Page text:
Of course, financial wealth brings us greater ease to a point, but true wealth is so much more than this. Society’s ongoing insistence not to openly acknowledge this is a huge factor in undermining the value of local businesses. Thankfully, those who have seen the light are already happily ensconced in the secret underground world of the local legend brands. Where you find a type of success you can truly be proud of – a rounded, holistic wealth that balances finance, community and environment. What’s more, these businesses are solid, with foundations rooted in the strength of community. And from the suffragettes to the #metoo movement, we’ve all seen what can happen when people come together.

That’s why it’s vitally important for us to re-focus on local business and the role it can play in creating fairer societies, helping us to take the steps needed to regenerate and protect this beautiful planet. 

Good business starts at home

If globalisation continues on its current trajectory, concentrating wealth among a small group of individuals and corporations, our very democracies are at risk. Too few begin to have control over the many, and sadly few of them appear to operate with conscience toward the wider community. Already, the richest 1% of individuals own 43.4% of the world’s wealth (3), and I do not take away from the philanthropic individuals in this group who demonstrate the good that can be done when you have financial wealth. Nonetheless, during the pandemic, billionaire wealth grew by $3.9 trillion – while that of global workers fell by $3.7 trillion (4). Take a minute to let that sink in.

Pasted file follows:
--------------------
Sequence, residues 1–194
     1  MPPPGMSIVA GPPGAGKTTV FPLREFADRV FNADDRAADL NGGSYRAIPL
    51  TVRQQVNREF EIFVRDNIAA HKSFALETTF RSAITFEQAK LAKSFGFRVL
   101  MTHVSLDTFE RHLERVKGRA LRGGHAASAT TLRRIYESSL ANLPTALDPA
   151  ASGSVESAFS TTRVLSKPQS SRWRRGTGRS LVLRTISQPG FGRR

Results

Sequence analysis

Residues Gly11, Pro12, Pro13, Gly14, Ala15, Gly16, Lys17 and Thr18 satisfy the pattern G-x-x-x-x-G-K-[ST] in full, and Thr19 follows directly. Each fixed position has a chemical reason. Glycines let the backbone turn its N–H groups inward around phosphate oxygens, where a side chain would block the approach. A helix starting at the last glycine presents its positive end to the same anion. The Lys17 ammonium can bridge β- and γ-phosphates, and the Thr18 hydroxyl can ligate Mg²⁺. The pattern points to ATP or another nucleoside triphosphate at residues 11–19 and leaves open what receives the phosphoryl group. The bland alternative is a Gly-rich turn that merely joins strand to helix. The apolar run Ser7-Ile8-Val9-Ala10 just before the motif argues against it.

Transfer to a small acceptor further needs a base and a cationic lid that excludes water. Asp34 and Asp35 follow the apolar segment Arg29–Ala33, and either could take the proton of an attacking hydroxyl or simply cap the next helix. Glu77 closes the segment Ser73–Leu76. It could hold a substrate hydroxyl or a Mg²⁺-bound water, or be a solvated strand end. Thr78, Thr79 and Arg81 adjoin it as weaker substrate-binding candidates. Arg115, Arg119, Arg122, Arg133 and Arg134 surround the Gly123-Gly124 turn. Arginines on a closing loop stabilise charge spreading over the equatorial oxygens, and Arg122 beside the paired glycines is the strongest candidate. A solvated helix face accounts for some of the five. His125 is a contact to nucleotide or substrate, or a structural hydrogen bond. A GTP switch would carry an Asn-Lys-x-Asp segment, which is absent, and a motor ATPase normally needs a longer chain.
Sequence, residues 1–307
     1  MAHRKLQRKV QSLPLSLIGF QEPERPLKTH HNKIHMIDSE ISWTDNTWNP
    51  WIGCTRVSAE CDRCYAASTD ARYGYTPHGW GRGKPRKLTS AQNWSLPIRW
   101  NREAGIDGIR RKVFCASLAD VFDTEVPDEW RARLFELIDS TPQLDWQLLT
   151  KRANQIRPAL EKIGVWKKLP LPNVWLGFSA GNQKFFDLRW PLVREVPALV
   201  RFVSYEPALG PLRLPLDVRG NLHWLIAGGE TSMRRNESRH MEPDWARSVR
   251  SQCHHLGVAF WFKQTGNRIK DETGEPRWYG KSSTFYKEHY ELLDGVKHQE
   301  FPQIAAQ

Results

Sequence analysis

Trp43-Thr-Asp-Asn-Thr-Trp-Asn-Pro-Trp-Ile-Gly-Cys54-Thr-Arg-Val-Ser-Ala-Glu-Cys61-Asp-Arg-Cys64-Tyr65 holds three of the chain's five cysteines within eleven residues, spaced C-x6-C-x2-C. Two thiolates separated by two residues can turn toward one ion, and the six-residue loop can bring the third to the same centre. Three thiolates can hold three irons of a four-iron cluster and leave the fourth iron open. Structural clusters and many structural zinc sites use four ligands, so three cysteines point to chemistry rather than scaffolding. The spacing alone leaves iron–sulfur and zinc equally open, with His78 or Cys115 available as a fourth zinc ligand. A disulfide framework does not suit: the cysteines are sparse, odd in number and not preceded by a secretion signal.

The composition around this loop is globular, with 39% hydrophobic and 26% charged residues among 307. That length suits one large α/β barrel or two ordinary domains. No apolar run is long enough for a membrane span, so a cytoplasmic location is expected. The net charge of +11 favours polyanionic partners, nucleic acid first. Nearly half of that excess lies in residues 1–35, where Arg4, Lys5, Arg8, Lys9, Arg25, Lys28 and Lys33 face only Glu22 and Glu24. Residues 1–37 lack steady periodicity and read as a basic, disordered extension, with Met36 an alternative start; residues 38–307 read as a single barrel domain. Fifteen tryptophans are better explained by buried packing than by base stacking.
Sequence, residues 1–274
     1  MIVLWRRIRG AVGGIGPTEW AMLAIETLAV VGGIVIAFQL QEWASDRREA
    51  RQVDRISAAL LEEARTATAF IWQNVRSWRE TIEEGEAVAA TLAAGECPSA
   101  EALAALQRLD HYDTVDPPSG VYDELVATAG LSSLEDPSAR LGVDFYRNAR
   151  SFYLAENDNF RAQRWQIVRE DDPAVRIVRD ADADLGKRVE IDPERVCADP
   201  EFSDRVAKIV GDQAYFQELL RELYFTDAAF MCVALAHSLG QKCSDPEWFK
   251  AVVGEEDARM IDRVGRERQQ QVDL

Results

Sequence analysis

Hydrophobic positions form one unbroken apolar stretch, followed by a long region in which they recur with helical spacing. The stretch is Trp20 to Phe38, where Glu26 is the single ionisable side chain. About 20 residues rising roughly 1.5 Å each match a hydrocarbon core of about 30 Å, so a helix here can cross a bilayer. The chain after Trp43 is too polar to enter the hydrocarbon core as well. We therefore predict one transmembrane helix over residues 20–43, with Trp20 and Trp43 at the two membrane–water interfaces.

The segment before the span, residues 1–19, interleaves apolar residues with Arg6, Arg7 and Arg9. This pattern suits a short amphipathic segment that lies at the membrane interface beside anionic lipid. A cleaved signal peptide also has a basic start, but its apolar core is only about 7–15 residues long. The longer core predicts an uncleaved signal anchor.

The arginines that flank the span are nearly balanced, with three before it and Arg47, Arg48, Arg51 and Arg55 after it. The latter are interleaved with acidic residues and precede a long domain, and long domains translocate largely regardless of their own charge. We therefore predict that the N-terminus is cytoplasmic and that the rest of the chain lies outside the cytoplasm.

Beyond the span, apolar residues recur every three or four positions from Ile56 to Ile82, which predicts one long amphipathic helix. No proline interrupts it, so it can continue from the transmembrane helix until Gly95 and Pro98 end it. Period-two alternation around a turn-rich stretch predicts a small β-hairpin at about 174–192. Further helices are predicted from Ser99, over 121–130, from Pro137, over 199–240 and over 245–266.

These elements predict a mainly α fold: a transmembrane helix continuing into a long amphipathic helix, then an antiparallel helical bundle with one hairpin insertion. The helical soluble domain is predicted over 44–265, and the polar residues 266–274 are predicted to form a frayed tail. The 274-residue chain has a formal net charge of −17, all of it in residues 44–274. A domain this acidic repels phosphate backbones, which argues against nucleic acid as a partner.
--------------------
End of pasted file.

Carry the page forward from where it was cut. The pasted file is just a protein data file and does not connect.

Then consider that the companies on the Forbes Global 500 account for more than a third of global GDP (5). Has your local community seen the benefits of this? Meanwhile, those SME businesses that are successful continue to be bought out by larger businesses, only widening this disproportionate wealth dynamic.